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Monday, January 29, 2018

Increasing Deaths from Non-Communicable Diseases Highlight the Need for a National Nurse for Public Health

A 5/31/17 article by Michael Bloomberg underscores that for the first time in human history, deaths from non-communicable diseases (NCDs) like diabetes, cancer, heart disease and chronic respiratory disease outnumber deaths from communicable diseases like malaria or influenza. According to the World Health Organization, NCDs accounted for 88% of total deaths in the United States as of 2014.

These deaths are largely preventable. It is time for the United States to prioritize management of NCDs. Bloomberg outlines recommended interventions including improved data collection, better tobacco control, obesity prevention, and vehicle and road safety. Nursing’s strong focus on the prevention and management of NCDs uniquely position our profession to stand up as trusted leaders in the field. The National Nurse for Public Health will emphasize prevention and help to improve health outcomes, particularly with respect to deadly, costly non-communicable diseases.

Obesity represents a growing public health crisis that contributes to other illnesses such as diabetes, heart disease and musculoskeletal disorders. A 6/12/17 study published by the New England Journal of Medicine explores the global pandemic of obesity. In 2015, the United States had the highest global rates of childhood obesity at 12.7%, while 33.1% of US adults were obese. According to the New England Journal of Medicine, overweight and obesity contributed to about 4 million deaths globally in 2015. Changes in food systems that have reduced access to healthy foods, along with decreased physical activity were notable contributing factors to the obesity epidemic. Now more than ever we need a National Nurse for Public Health to lead on the front of obesity prevention and management.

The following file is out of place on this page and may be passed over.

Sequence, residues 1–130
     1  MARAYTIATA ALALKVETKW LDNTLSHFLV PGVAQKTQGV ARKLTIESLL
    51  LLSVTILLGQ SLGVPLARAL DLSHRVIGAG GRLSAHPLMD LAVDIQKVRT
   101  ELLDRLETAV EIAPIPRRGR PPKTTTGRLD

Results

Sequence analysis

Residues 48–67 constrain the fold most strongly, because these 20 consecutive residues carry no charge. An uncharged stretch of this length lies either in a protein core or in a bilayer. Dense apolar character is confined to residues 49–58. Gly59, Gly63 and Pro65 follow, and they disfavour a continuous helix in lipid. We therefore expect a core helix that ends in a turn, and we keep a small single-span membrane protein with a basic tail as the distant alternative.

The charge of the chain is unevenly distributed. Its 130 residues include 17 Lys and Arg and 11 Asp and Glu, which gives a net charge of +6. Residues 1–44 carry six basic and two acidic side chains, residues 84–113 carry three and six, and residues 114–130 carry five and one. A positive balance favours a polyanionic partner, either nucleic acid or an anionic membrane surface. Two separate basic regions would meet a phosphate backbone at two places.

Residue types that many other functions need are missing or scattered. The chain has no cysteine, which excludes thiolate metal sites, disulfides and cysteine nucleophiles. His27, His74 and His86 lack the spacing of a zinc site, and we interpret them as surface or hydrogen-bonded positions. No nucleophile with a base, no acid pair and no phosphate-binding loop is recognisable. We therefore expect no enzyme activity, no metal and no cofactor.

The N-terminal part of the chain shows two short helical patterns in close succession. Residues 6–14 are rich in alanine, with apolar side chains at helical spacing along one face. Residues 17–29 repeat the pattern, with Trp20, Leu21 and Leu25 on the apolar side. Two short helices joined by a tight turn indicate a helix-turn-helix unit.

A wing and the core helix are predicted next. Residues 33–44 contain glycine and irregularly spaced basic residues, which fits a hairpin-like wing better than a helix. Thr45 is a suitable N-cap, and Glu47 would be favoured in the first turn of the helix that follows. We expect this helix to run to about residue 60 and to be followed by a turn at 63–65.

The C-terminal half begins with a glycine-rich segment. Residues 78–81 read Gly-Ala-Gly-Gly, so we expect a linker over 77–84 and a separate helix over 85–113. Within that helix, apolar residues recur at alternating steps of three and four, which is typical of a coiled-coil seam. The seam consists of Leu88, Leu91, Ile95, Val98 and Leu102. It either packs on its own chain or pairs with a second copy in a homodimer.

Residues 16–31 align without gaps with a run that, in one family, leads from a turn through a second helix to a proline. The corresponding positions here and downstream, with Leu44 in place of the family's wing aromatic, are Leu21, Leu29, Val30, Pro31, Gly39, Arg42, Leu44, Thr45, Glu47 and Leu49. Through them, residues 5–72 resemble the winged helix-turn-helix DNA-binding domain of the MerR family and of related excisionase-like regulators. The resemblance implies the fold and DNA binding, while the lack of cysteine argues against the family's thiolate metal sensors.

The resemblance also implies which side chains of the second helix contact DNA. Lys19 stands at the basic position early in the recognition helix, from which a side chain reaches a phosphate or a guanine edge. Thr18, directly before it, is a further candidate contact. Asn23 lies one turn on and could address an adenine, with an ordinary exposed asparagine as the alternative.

A January 2017 study by the University of San Francisco published in the Journal Pediatrics suggests that e-cigarettes are attracting adolescents who would not otherwise have used tobacco products. The National Institute of Health, [] found high numbers of adolescents are exposed to e-cigarettes, and about 30.7 percent of e cigarette users go on to smoke combustible tobacco products. E-cigarettes lack consistent regulation, and marketing is often targeted specifically toward teens. The Centers for Disease Control and Prevention reports that cigarette smoking has been connected to greater than 480,000 deaths per year in the United States. Looking back at Bloomberg’s recommendations to decrease mortality rates from non-communicable diseases, improved tobacco control stands out as a priority. The National Nurse Act of 2017 (H.R. 1651/S. 1106) promotes public health and prevents illness and death associated with tobacco use.

Few topics in public health are more salient than the current opioid epidemic in the United States. The New York Times article, Drug Deaths in America Are Rising Faster Than Ever including devastating statistics. Drug overdoses now represent the number one cause of death in Americans under the age of 50. The problem worsened dramatically in 2016 and is only expected to escalate in 2017. An estimated greater than 2 million individuals are thought to be opioid dependent. This public health crises sweeping our nation demands action. Nurses are uniquely capable of helping to address opioid dependence and other substance use disorders through a comprehensive management approach.

As the nation faces these ongoing health challenges, a National Nurse for Public Health can work alongside other policy leaders and health professionals to steer the United States in its course toward better health. The goals listed in the above diagram developed by the U.S. Public Health Service Nursing Category are completely aligned with what the National Nurse Act is asking for‐educating and empowering individuals, families, and populations and encouraging participation in national health promotion campaigns. It is time to pass this bill!

The National Nursing Network Organization Team—Monday, January 29, 2018  

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